Charleston has some experience marking milestone birthdays.
Its 250th was celebrated with three days of festivities, complete with a pageant that reenacted the settlement's founding.
For the city's tricentennial, which kicked off with a 9 a.m. 300-gun salute followed by a parade and a ball, the festivities continued for more than a month. Eight days of the activities were named for each of the Lords Proprietors, the individuals who were granted a royal charter to found Charles Towne.
Now, in 2020, for Charleston's semiseptcentennial — that's half of a 700th anniversary, or septcentennial — the celebration will last all year.
Some of the events are still taking form, and others aren't known yet. In addition to four signature events the city is planning, local groups have been encouraged to host their own. All of the city's annual draws, from Spoleto to SEWE, will have 350th components.
City Councilman and 350 Commission chair Peter Shahid remembers being in the tricentennial parade with members of Charleston's Lebanese community. A native Charlestonian, Shahid's grandfather moved from Lebanon to Charleston in 1899.
Over the about year and half of planning for the 350th commemoration, Shahid said he's been thinking about those festivities 50 years ago and felt something was missing.
There was more to the story than what was being presented then, and this next anniversary was a chance to set a new tone for the half-century ahead.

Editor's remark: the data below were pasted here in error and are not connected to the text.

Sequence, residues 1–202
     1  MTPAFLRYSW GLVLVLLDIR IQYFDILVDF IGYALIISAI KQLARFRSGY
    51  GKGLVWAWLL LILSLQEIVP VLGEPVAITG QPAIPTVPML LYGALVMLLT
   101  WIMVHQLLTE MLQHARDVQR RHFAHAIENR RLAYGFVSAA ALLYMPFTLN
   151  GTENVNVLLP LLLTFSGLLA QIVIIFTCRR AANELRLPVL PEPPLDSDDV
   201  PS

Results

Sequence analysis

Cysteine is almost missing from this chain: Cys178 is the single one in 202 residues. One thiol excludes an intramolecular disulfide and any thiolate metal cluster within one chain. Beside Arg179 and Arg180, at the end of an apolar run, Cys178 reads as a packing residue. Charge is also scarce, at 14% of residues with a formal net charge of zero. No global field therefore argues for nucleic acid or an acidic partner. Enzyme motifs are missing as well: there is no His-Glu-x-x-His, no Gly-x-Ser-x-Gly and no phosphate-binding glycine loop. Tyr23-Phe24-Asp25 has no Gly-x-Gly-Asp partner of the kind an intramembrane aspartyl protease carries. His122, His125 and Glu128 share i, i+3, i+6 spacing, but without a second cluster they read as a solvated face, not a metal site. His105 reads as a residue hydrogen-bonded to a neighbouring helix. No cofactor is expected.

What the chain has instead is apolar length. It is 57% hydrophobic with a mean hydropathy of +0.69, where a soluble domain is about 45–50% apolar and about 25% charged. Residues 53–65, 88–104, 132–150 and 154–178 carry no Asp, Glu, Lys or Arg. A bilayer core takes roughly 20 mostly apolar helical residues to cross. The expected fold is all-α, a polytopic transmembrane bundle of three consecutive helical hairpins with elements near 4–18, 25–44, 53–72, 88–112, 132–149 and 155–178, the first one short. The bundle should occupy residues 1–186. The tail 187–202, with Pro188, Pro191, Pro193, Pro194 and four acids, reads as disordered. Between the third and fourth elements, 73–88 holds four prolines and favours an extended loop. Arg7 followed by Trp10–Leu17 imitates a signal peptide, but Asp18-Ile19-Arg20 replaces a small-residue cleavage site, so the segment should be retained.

"Here's an opportunity to tell the full story of Charleston," Shahid. "What was Charleston's real place in history?"
Founders Day, but bigger
When organizers — which includes city staffers, a commission and a steering committee that meets monthly — started mapping out the anniversary year's events, their starting point, at least, was easy.
For years, Charles Towne Landing, a state park in West Ashley that marks where the English settlement was originally founded, has celebrated with a Founders' Day Festival.
Next year will be no different, but the scale has gotten bigger. At a recent presentation to City Council, it was described as "Founders Day times 100."
The park's manager, Rob Powell, said the event could be the site's second largest visitation day ever, only after its opening day in 1970.
Attendees can expect reenactments and 17th-century demonstrations, but the educational components of Founders Day will extend to periods well beyond the settlement's founding.
Powell said the site may bury a time capsule that would be opened when Charleston reaches the four-century mark in 2070.
The park will also debut a new exhibit that will put its archaeological work on display. Right now, a shelter is being built over a spot where archaeologists found what's believed to the oldest surviving architectural remains from the English settlement: a tabby floor made sometime around 1690.
The dig site is usually uncovered during a few field days each year, but the exhibit will allow visitors to see the site year-round.
Other 350 events will begin much further away.
In mid-May, around 40 skippers will assemble in Brest, a port city in northwestern France, to complete a 3,500-mile voyage across the Atlantic. And, for the first time ever, they'll set their course to Charleston Harbor.